I think I bought this for my kid from Boden... Is that a good thing for Mr. Roger White or bad?

zipthwung said...

I haven't liked a subject this much since I got the Galaxians reference in the Matrix movie.

Because in the eighties these were pretty popular. I think maybe they sold them at Target. This was before the free trade agreement and Wal-Martization and regulation of lead lined childrens toys from China.

As an aside - acid wash denim would make a nice ground, if you read every single Artforum magazine and are now cruising the October files.

But really all the claims to lightness and whatnot are ill founded, because who just tiredly colonized first thru tenth generation abstraction (see the artists listed above yet again, but as a burlesque yet again?

Ask not of this work to be heavy - it shall never be as heavy as car crashing wrist slitting drug taking alcohol enema-d macho fucks.

No, better to surf the blue room, shredding the last curl, or out beyond the breakers, watching the old art world dye. For thine is the kindom.

Who ordered the pizza?

zipthwung said...

this rocks

the railings reminded me of the Torben Giehler.

daniel said...

Shit, I missed the Galaxians reference in the Matrix so I have know idea what the hell you are trying to wax poetic on!!! You are linking some nice phrasing together ie; dye for die but you might be trying too hard.. nice Spicoli ref on the pizza though...

zipthwung said...

Thanks danielle, you really get me. or maybe its just because you are an american in my demographic.

Dye was an accident - no shit.

Let the rivers run red! But the matrix one is not the first - but when the spider eyed gigeresque squid dealios invade babylon (my god thats loaded!) through a hole drilled in the rock, they drop down in waves exactly like a video game to be shot at by these sort of cyborg chair people - man and machine and all that. Like flack gunners in ww2 actually. But really just an H.R. geiger trope.

But what that points to - and what the Matrix relies on, is the idea that reality is just a construct, a conspiracy (to quote baudrillard).

Well in the movie everyone decided to get plugged in at some point - or rather they were BORN INTO the system, so they can't see outside of it. Another way of looking at that is that people channel their energy into boxes - and thus become functional components of the larger grid. This effectively narrows your options and blinds you to other sectors of society - all of which work together synergysticly, like a hive.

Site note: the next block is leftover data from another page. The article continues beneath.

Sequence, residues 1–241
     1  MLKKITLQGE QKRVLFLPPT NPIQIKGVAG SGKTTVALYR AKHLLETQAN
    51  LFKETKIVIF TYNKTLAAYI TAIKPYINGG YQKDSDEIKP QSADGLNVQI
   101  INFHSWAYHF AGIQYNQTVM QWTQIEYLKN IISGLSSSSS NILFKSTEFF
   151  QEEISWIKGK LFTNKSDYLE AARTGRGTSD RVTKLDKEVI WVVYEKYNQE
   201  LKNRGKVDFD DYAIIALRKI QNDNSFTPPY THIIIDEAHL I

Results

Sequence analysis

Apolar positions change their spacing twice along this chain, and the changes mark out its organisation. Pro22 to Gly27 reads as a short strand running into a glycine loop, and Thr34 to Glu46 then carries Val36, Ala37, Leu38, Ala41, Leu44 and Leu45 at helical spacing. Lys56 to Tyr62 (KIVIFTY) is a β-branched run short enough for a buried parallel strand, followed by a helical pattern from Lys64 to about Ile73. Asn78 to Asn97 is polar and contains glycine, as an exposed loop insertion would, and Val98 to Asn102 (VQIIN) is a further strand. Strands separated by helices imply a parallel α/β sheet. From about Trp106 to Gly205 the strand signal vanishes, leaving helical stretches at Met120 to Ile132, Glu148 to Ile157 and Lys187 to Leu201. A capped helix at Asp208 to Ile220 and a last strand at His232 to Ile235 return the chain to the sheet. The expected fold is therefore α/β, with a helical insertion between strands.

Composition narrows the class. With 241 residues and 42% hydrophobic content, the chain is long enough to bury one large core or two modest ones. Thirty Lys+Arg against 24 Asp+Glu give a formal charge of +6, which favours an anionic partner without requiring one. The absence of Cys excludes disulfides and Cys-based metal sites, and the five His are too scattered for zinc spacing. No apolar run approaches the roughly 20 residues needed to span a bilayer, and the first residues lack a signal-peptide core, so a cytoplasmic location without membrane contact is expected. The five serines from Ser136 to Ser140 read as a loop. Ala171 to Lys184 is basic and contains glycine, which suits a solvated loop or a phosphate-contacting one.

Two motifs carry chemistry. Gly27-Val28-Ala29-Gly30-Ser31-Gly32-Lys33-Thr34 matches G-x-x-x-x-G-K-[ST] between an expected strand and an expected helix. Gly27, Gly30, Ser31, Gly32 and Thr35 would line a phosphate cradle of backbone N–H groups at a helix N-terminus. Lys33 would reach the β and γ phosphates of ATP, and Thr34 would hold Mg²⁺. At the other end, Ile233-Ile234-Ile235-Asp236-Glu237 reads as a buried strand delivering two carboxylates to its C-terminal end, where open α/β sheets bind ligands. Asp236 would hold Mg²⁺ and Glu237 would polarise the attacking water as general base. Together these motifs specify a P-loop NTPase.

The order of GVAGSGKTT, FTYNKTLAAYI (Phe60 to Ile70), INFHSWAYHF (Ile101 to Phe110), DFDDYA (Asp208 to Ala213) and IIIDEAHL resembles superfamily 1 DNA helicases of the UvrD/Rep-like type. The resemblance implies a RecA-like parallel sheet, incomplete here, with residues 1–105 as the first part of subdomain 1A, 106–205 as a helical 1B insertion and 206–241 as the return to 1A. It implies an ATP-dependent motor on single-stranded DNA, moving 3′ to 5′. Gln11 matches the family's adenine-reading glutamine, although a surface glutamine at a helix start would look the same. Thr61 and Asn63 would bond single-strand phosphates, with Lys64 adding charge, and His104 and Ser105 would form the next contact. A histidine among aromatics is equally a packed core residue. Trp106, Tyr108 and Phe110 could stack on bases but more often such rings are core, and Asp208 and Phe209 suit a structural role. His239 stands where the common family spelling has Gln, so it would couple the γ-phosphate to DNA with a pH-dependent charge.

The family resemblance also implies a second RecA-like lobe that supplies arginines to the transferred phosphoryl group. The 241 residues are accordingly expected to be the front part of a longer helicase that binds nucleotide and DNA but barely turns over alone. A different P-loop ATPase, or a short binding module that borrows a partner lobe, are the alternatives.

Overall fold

Which is to say this work allows others to be heavy, but in a sense nothing is all that heavy as an individual unit. This might seem unbearable and sleight - your total insignificance and redundancy, but it is the truth, and as they say the truth is out there.

Cause, what the world needs now
are some true words of wisdom
like La La La La La

Be free.

daniel said...

You are preaching to the choir on the Matrix my friend...(How did this painting lead down the Matrix path?) River run was an interesting ref.. I love Finnegans Wake but was curious if you could see my profile in light of said phrasing..

peace

Ryan said...

Painter is rolling with the "no admittance" type of space.

I like what I can gather from this jpeg combined with Martin's comments. What if it were peices of painted canvas sewn together like a shirt? Better or worse or just another thing altogether? Also, what if the scale were like saville.. The quick and simple paint qualities are what I like about this painting, but if it were Jennysized, these qualities would become a performance, like her paintings and her relatives in the west coast school, like Bischoff and Diebenkorn (though I like some of their work).

surfkook said...

This painting is good in a lame way. Like Joe Bradley's painting that look like flat Joel Shapiro sculpture.

Could someone clue me in on Daniel Hesidence. I've seen his work for years and I don't get or feel his abstract work. It's not bad enough to be BAD and it's sucks too much to be compelling.

beachball said...

i dont get it either at ALL, i think its a case of the art world deciding that someone(usually a white male) has "heat" even when the work is mostly just bad work. i think there is a conceptual or theoretical back story that people think means that there is more there than there is. i thought the painting at DT looked amateurish and sophomoric, i certainly wouldnt want that on my wall. give me rudy stingl any day. but i think the story behind it is that its kind of a joke on dumb or salon painting, but the jokes on him, we will not hear of him for long. it will pass very soon i am sure, he is a one season wonder, without the wonder. mean sounding i know but with all of the talented people who cant get shows , older people who have been passed by because they are over 40 its really sad that this is what passes for relevance.

Concrete Phone said...

I had a look at the install views, actually the shirt looks OK, very plain despite the stripes. I get a kick out of Bradley's stuff, painting blocks reminiscent of Joel... with preference to them staying in the pop realm with a figure ...

Late Liberties probably offers something more substantial as a group show and as premise.

Nomi said...

I still like it.

Quisquilloso said...
This comment has been removed by the author.
surfkook said...

Late Liberties is a bit all over the map, but there are some good pieces by Kim Fisher, Dana Frankfort.

Sunil said...

Daniel Hesidence has a bit of energy that looks OK at this show. All the rest seem to be painted doormats..
Hey, but the show hoped to foster a lighthearted 'movement' (even if the movement lasted only for the length of the show) - I did not sense too much of a movement there though.

beachball said...

thats a good title for a show, Painted Doormats. who will curate

Bare Even said...

Please, enough of Gene Davis's daughter shopping at Target.

AA said...

Time for a new post I think, Painter.

zipthwung said...

(*)

milf-magic said...

I kind of liked the Bradley, but he's flirting a bit with sculpture don't you think?